Once you’re in the meeting, it’s mostly about listening and providing a forum for an investor to come in and share their perspectives. Often, shareholders will have things that they want to share, so as a representative of the company, I wouldn’t go in with a hard-set agenda unless there are specific topics you want to probe on. I think it’s most valuable when there is an open forum discussion. And typically, the things investors raise are their preferences around specific performance metrics, or wanting to better understand the goal setting process, which can be achieved through enhanced disclosure. Lately investors have been asking whether any non-financial goals related to ESG commitments are going to be included in comp calculations. Those types of insights help the comp committee build a picture of what their investor base might approve.
MYERS: As always, the first round of talks is when you want to listen to your investors. In successful engagement processes, we often see a commitment to follow up with the investor. What boards want to do is circle back with investors and summarize some of the things that were heard. And, while making no commitment to any sort of changes or adjustments, boards can outline some of the things that they are going to consider, or want to talk about again with investors, and what some of those ideas might look like. What we’ve seen is that the opportunity to come back, re-engage and potentially discuss some things further, is typically very well received by investors. These types of talks not only uncover the issues, but also build a relationship of trust with your investors moving forward.
There has been a lot of volatility in the market since the Covid pandemic. Some companies may have a low Total Shareholder Return (TSR) as a result. Your report suggests that companies with low TSR are generally the ones that have challenges to their comp plans. How do those companies deal with their comp plans to minimize opposition from shareholders?
MARSHALL: TSR is one measure of a company’s performance and it’s heavily impacted by much broader macro, economic, and geopolitical factors. If the value of a company’s stock has declined, shareholders are probably going to be looking more carefully at your pay decisions. What you’re hoping is, your comp plan will effectively align pay and performance through multiple lenses.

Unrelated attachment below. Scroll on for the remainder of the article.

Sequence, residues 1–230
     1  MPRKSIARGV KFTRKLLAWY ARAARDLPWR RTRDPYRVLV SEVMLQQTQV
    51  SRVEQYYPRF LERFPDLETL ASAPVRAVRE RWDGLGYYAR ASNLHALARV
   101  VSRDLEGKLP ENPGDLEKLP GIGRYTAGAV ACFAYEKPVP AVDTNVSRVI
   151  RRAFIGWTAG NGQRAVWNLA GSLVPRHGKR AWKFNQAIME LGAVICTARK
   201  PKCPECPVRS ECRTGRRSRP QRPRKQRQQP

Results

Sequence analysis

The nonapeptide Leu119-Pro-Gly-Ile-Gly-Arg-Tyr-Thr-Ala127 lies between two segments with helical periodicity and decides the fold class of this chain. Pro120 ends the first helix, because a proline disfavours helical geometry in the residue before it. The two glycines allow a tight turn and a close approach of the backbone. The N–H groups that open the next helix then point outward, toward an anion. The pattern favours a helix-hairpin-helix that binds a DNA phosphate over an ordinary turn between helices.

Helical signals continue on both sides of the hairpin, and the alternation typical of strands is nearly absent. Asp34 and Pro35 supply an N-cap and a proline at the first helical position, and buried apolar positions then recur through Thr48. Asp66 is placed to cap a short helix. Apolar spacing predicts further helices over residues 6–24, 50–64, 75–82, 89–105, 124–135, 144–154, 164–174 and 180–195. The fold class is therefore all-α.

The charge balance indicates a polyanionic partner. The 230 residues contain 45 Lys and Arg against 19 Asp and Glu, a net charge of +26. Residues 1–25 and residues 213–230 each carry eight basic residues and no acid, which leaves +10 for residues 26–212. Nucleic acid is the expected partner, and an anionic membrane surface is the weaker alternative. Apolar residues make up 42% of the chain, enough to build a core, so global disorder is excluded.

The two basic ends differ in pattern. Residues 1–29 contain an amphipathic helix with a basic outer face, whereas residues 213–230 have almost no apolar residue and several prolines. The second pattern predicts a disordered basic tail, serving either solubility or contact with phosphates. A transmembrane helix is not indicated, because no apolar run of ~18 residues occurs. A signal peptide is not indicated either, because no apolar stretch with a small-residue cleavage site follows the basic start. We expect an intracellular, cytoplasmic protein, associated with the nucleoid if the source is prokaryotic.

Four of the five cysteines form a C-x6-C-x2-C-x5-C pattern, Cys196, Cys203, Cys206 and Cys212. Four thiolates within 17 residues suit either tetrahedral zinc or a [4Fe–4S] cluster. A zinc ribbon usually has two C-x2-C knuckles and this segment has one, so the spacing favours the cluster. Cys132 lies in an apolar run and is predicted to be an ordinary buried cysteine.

So, if you’re in a situation where you have very low negative absolute, or relative TSR, yet your financial and operational goals have been paying out at a very high level, that’s when I would be concerned. If you’re showing performance-based equity investing at a low level, if bonuses are paying out below target, that may make more sense to an external stakeholder, particularly somebody who’s stock has lost value. They can see that alignment, and the outcomes are arguably working the way that they’re supposed to.
In that situation, the new pay versus performance disclosure that the SEC has put in place may actually help some companies, particularly those that are using stock options in their pay plans. As you know, depressed stock prices and negative stock price performance should translate into lower and or negative compensation actually being paid. So, what companies are saying in their CD&A will be an important consideration. And what’s appearing in their pay versus performance table could potentially point readers to something that complements the summary compensation table. Your ideal scenario is that your pay programs are working effectively, and you have financial and operational outcomes that trend in a similar direction to TSR. If you’re in a situation where that’s not the case, I think that’s where you have to start thinking, “Did we design these plans effectively? Are these outcomes warranted? And how are we going to talk about them in our external disclosures?”